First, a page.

Chapel of Sand or chapel of Sand of Udrigil, is an almost forgotten but somehow mystic place in Torridon, tucked away between a caravan park, a river, and the sea, close to the village of Laide.
In the 18th century the chapel was still in use, then worship came to an end at the chapel of Sand. It deteriorated ever since and now long, strong metal braces are needed to hold the crumbling stone walls together.
Who built the chapel is a matter of debate. Local lore insists Saint Columba founded one of his churches on this very spot, wich would date the chapel’s history if not the actual building back to the 6th century. The ruin is medieval and repairs were undertaken by George Mackenzie of Gruinard before the first Jacobite rising, probably around 1713. The Mackenzies supported the Jacobite cause.
The graveyard though is still in use, the sea and the ruined chapel give it a rather romantic appeal, especially on a dark and dreary day.
Rather sad is the small burial enclosure with a single gravestone. It comemorates William J. Tattersall, seven-year-old son of the factor of Laid who drowned. The gravestone does not look out towards the sea but is set as far away as possible within the graveyard from the deadly water of February 26, 1866
Liked the read? There’s more here...
Scotland is a country full of history, stories and secrets. Often, the three cannot be separated. That is what makes this country so wonderful and unique. The stories of this book have been discovered and gathered for Erkenbach’s blog, Graveyards of Scotland, over many years.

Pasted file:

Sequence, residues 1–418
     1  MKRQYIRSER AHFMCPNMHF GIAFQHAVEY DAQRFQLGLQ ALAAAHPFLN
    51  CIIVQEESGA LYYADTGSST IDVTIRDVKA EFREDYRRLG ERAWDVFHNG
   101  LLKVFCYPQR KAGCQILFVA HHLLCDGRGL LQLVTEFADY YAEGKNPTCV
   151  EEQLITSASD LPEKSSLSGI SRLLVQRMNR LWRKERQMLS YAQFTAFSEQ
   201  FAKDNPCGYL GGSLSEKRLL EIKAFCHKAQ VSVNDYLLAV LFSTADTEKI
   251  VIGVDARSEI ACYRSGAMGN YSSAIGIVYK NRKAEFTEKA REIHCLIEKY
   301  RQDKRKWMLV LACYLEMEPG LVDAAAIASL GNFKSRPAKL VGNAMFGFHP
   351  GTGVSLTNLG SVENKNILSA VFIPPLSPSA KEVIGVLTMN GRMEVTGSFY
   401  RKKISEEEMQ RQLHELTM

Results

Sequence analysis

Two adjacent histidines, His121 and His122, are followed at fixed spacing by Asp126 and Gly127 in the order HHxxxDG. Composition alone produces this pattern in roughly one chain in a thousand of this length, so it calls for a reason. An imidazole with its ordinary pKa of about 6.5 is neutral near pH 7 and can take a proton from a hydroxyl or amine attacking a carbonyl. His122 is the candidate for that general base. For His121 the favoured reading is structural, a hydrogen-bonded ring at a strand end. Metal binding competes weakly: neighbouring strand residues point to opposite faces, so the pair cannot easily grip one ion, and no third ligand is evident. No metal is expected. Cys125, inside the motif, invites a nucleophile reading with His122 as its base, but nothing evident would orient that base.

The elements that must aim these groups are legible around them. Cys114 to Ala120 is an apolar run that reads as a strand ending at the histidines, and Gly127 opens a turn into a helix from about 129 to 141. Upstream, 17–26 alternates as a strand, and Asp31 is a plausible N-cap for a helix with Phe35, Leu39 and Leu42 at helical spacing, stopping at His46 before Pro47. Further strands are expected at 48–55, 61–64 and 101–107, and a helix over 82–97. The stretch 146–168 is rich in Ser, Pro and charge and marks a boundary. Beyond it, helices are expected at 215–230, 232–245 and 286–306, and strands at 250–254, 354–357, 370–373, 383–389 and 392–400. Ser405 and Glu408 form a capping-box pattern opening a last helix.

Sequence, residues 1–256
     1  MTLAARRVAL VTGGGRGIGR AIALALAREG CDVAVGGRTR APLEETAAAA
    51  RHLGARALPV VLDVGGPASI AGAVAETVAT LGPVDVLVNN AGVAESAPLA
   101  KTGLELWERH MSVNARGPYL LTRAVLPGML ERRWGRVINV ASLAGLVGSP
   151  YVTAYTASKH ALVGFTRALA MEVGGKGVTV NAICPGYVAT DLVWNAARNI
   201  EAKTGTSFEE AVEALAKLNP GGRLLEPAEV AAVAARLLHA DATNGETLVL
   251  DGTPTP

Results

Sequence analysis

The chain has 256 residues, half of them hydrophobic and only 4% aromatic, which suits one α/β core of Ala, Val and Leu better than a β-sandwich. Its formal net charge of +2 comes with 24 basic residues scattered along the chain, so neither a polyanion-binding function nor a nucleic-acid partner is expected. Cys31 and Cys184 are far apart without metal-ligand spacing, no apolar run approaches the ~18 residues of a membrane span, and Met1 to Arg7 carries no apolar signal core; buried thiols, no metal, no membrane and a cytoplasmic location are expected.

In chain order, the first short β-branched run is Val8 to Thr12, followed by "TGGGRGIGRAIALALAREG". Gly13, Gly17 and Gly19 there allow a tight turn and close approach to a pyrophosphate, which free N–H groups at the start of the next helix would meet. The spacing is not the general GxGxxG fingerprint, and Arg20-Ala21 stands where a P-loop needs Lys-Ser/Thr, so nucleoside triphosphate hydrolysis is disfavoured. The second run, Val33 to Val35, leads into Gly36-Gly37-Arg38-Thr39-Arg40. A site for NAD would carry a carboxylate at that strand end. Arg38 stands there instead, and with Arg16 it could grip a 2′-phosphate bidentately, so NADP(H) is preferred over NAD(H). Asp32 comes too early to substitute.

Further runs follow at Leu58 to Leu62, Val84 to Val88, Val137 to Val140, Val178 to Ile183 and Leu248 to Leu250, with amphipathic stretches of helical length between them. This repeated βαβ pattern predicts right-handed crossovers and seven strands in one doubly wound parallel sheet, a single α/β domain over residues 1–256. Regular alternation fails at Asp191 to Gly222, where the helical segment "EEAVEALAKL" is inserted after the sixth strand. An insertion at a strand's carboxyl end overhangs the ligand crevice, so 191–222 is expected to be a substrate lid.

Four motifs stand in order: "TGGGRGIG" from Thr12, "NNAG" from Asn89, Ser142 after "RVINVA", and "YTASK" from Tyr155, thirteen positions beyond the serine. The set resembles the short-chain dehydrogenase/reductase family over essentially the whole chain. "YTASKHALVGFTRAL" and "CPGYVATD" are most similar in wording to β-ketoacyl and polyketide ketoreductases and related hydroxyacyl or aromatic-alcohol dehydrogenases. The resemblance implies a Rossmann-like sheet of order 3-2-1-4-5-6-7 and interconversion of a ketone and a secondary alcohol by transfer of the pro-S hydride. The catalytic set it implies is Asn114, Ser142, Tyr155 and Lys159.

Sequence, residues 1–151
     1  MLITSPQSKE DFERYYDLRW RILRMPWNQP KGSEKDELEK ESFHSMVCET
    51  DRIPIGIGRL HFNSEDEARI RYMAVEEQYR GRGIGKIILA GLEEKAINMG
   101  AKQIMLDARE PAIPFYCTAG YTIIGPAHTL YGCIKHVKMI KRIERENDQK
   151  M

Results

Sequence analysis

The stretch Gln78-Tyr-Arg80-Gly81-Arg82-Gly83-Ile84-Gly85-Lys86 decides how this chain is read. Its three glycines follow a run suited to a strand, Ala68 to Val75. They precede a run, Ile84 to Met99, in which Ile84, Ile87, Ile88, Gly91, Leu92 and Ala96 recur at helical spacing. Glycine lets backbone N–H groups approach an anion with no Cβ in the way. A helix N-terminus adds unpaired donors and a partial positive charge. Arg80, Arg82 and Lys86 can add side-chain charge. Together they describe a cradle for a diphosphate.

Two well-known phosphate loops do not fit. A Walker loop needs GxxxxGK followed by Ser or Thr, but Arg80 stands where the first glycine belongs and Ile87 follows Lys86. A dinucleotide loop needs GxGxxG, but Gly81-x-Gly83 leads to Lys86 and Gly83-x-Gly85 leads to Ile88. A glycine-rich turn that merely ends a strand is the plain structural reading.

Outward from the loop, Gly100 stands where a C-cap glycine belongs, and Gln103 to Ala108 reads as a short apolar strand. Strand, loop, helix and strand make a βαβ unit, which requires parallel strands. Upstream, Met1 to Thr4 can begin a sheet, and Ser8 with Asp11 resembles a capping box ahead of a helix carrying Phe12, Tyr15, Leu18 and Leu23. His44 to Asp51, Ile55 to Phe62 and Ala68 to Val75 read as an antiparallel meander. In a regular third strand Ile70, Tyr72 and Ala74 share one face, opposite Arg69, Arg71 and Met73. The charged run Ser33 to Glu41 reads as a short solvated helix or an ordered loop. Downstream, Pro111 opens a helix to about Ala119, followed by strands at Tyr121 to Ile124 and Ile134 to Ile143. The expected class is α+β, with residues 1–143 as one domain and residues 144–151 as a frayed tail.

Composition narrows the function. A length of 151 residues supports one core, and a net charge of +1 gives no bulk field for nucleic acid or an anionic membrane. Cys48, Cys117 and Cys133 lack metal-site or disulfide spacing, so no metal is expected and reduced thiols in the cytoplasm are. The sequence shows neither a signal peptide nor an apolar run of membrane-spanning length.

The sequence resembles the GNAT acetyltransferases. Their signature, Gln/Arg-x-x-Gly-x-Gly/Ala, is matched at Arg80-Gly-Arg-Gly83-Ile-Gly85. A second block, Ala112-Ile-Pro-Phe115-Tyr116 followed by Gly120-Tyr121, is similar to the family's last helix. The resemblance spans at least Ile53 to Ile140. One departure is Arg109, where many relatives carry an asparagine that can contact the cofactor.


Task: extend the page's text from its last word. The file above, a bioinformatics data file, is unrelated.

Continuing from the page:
Her main sources were historical travel guides from the 18th and 19th centuries, where the finds were scary, beautiful, funny, and sometimes, cruel.This unusual approach to a country’s history has produced amazing results. You don’t have to share the author’s passion for cemeteries to enjoy this book; only a small number of the stories in this collection take place in graveyards, though they do all end in them, so perhaps it helps.
The fairy hill in Inverness, a nitrate murder on Shetland, a family of left-handers, wolves, Robert the Bruce and William Wallace shown in a new light, the secret bay of the writer Gavin Maxwell, a murdering poet and so many things you didn’t know about Scotland, its clans and its history.
sources and further reading